The sale and future development of the former Inverbrackie Detention Centre will undoubtedly bring many benefits to Woodside.
Attracting residents to the 81 vacant houses will certainly boost local businesses and potentially draw more people to the Hills.
It will be a welcome injection of funds into the local economy.
There’s no doubt that the developers, Mill Hill Capital, have an aesthetic, country-style estate in mind for the site, with plans to update the homes, build affordable tourist accommodation, attract value-adding primary production businesses and co-ordinate landscaping in communal areas.
But only time will tell whether the site becomes that thriving hub for families, tourists and local industry or whether it becomes a transient and somewhat disconnected community.
The directors of Mill Hill Capital have described the target market of the housing in the estate as families and young people moving into the area who may want to rent in the district before making a more permanent move.
But while the plan may fill a need for short-term accommodation in the Hills, the sale of individual housing lots is likely to be the best long-term solution for both the site and the wider community.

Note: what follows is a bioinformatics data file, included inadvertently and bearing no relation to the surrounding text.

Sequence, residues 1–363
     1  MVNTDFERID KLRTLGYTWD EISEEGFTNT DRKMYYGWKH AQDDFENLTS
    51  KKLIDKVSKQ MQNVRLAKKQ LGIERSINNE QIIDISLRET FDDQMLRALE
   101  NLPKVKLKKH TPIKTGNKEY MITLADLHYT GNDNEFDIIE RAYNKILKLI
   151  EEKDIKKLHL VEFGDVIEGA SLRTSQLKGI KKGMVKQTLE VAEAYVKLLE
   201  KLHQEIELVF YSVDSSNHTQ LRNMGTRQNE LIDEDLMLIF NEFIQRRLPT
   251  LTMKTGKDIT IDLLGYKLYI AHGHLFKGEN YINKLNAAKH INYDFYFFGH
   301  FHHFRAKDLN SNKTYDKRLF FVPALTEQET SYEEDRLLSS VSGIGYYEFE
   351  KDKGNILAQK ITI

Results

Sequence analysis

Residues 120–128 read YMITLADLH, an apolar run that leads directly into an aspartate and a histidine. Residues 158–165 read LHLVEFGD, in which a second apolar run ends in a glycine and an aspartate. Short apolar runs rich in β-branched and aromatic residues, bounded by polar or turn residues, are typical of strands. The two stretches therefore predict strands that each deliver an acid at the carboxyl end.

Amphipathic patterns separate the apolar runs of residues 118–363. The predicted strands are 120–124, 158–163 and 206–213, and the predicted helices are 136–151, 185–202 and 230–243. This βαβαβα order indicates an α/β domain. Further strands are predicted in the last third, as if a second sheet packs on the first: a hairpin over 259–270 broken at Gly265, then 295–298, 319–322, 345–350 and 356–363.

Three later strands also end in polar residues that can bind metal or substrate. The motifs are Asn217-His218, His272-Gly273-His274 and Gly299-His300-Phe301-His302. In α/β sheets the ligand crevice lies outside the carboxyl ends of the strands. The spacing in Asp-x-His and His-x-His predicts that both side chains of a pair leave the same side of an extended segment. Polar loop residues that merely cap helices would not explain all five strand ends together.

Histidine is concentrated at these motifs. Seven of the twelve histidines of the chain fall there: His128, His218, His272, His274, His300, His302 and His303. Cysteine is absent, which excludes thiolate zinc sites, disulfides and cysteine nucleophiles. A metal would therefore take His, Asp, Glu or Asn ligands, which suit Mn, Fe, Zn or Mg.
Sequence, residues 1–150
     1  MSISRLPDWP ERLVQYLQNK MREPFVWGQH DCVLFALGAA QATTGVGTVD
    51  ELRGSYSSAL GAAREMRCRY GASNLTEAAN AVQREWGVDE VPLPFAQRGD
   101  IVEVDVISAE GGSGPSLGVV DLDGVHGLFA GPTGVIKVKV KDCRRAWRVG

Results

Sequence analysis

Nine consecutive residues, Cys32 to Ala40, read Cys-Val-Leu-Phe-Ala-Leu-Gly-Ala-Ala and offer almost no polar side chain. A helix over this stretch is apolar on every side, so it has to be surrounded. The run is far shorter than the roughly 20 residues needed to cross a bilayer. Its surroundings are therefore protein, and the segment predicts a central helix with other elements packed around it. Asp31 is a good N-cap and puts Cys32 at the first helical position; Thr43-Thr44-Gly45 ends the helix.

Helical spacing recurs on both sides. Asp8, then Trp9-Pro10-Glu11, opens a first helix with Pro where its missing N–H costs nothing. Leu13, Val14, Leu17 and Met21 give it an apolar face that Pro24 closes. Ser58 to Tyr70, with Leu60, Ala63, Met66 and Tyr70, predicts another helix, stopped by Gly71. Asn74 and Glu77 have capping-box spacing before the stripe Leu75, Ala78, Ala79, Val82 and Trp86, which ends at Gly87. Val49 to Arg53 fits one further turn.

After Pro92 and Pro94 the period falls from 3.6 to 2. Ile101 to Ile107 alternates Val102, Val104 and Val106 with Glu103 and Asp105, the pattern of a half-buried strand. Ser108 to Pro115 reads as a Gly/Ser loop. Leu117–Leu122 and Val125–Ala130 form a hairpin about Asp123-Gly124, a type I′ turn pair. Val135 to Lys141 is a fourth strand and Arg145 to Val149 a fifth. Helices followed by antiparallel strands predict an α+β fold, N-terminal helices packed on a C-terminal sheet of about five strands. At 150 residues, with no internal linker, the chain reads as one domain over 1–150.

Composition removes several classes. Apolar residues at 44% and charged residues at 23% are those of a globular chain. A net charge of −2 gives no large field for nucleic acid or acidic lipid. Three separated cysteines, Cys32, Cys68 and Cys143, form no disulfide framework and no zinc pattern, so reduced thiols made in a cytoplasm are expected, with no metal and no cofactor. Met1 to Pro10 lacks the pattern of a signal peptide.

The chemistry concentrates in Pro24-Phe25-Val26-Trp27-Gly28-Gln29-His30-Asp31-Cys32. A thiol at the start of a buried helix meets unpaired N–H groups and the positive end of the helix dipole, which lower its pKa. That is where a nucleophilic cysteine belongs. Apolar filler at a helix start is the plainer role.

The land’s current rural zoning hinders the site from being subdivided, but that is a concept that the developers have not ruled out.
The Adelaide Hills Council is understandably reluctant to support the idea of Torrens Title allotments at the site, as this would transfer responsibility of the roads and other infrastructure to the council.
However, the sale of the land as community titled allotments could be just the thing the 22ha site needs to bring life to the vision cast by its new owners.
With the newly landscaped communal areas maintained by a body corporate, such a scheme may attract more permanent residents, who are eager to invest in their homes and thereby create a more thriving community.
The site with ready-made infrastructure certainly oozes opportunity, but if the new owners want to breathe life back into the ghost town, they’ll need to attract the right kind of people to form a healthy community.
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The Mt Barker Council’s $350,000 plan to beautify Nairne’s main street is a step towards building a more lively and prosperous town. The perception that Nairne has been the poorer, forgotten cousin of Mt Barker for more than a decade is understandable. The once thriving town fell into decline when the Chapman’s Smallgoods factory at Read More »
In a Snap
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